Leprosy in Scripture isn’t the same as the disease we know by that name today. It was some form of chronic skin disorder. There were two primary regulations in the Mosaic Law regarding lepers and the disease, both of which Jesus challenged in the story you’re going to read. First, because leprosy was a communicable disease, people were forbidden to touch lepers. If they did, they would become unclean and unfit to participate religious rituals in the temple or synagogue. Second, if a leper was cured, a priest had to verify the healing and pronounce the person clean. (See Leviticus 13:2-14:57.) Jesus disregards, even defies these two regulations. The story at this point in the Gospel marks the beginning of Jesus’ attack on the religious leaders of his day.
Prepare to listen. Be still and silent in preparation to hear the Gospel. When ready, pray: I will meditate on your precepts, and fix my eyes on your ways. (Psalm 119:15)
Read Mark 1:40-45
40A leper came to him begging him, and kneeling he said to him, ‘If you choose, you can make me clean.’ 41Moved with pity, Jesus stretched out his hand and touched him, and said to him, ‘I do choose. Be made clean!’ 42Immediately the leprosy left him, and he was made clean. 43After sternly warning him he sent him away at once, 44saying to him, ‘See that you say nothing to anyone; but go, show yourself to the priest, and offer for your cleansing what Moses commanded, as a testimony to them.’ 45But he went out and began to proclaim it freely, and to spread the word, so that Jesus could no longer go into a town openly, but stayed out in the country; and people came to him from every quarter.
‘If you choose, you can make me clean.’ This seems an odd request, implying two things. First, the leper believed Jesus had the power to cleanse him. Second, he wasn’t sure Jesus would be willing to do so. Notice that the leper asked Jesus, not for healing, but to be made clean, or ‘declared clean’.
Because leprosy was an unclean disease, lepers were forced to live on the fringes of society to avoid touching people. They were to warn the public with a loud cry of ‘unclean, unclean’ (Leviticus 13:45). Take a moment to imagine living without human touch. It will give you a sense of the horror lepers were forced to live every day. Only a priest had the authority to declare a healed leper clean. Jesus’ wasn’t a recognized priest and thus had no right, according to the religious rulers, to declare this leper clean. The leper knew this and thus the hesitancy of his request, giving Jesus a chance to refuse. “It is almost as if he says, ‘You could declare me clean if only you would dare’, ” writes Ched Myers (2015, p. 153). Jesus did dare. He ‘broke’ two laws when he healed the man—he touched an unclean leper, the first touch the man had felt in a while, and he declared him clean. The phrase ‘made [think declared] clean’ is an important one in this story, appearing three times.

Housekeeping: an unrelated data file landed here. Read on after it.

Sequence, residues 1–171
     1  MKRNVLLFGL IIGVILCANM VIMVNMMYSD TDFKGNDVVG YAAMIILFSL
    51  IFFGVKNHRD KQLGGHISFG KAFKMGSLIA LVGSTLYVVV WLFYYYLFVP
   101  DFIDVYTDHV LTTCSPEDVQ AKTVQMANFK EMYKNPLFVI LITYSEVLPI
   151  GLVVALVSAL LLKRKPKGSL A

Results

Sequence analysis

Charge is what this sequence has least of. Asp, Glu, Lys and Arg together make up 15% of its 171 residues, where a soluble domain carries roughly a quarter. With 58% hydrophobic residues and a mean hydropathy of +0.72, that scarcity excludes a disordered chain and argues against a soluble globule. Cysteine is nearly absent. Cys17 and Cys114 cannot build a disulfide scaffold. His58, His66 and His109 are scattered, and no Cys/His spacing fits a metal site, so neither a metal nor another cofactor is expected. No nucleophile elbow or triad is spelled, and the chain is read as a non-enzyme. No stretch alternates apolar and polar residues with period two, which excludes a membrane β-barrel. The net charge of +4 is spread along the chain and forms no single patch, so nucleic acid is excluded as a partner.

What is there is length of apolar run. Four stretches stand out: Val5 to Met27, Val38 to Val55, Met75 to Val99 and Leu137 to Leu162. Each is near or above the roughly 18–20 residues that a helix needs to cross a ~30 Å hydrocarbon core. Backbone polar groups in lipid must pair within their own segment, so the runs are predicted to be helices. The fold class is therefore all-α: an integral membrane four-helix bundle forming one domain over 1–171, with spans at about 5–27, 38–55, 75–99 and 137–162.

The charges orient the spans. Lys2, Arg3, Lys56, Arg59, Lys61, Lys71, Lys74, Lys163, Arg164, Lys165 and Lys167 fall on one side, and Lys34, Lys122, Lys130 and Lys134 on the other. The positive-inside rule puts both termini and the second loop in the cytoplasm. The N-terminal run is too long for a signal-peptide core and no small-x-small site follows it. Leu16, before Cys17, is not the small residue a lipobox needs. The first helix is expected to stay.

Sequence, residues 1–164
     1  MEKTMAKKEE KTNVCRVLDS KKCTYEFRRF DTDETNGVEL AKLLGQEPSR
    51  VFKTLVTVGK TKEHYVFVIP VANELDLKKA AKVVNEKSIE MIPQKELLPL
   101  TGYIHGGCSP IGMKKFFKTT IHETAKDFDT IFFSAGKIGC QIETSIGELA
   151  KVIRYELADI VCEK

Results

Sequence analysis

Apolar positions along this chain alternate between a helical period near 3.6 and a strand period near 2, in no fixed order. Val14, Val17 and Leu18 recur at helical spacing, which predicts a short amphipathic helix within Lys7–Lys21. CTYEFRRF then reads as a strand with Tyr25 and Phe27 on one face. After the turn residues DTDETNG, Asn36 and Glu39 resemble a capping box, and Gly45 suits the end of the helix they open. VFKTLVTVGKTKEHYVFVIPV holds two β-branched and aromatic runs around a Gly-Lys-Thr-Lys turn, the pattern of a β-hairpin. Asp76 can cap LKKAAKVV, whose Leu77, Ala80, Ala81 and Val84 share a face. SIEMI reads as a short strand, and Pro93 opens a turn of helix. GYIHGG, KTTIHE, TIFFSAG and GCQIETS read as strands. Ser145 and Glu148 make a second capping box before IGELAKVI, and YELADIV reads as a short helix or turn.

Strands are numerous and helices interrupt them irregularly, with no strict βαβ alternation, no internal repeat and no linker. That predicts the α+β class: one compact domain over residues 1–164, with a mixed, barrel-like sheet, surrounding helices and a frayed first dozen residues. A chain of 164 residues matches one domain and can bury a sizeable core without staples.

Jesus’ response to the leper is equally odd. There are two times when Jesus is angry or uses strong language. The translation I’ve used says Jesus ‘was moved with pity.’ Other translations use the word ‘compassion.’ This makes it sound wonderful. But, the Greek word is more accurately translated as ‘indignant’ (as in the NIV) or even ‘angry.’ The second strong language is in Jesus’ instructions to the healed leper: “After sternly warning him he sent him away at once.” The Greek is much stronger with some commentators suggesting that Jesus was “snorting with indignation” (as in Myers. 2015, p. 153). Mark doesn’t explain with whom Jesus was angry; another mystery he wants us to ponder.
It is unlikely Jesus was angry with the leper. This would be out of keeping with Jesus’ compassion and concern for those on the margins, the poor, the alien, the outcasts and lepers. I think it would be safe to say Jesus was angry with the religious order and its failure to show compassion. Religious rulers forced lepers to live on the margins without human contact. We can wonder whether we’re in danger of doing the same thing ourselves, forcing some people who don’t behave according to the law (think gospel) as we understand it onto the margins, isolating them from Jesus’ compassion.
The story ends rather sadly. Having warned the man to keep silent with strong emotive language, the man disobeyed, and Jesus was forced to the margins himself, staying outside the towns. He’s now a ‘marked man,’ considered unclean by the religious authorities because he touched a leper and dared to declare the man ‘clean,’ usurping the role of priest. He could no longer go into the towns and the synagogues to teach. And teaching is what he came to do.
How does Jesus’ anger and strong language make you feel? Is your picture of Jesus being challenged in this story? If so, in what ways?
Respond to Jesus in prayer
Lord Jesus you so often behave in ways that challenge my nice ideas about you and make me feel uncomfortable. Help me know you, not as I want you to be but as you reveal yourself in your Word. Amen.
Go and live obediently in the world faithful to Jesus even when pushed to the margins.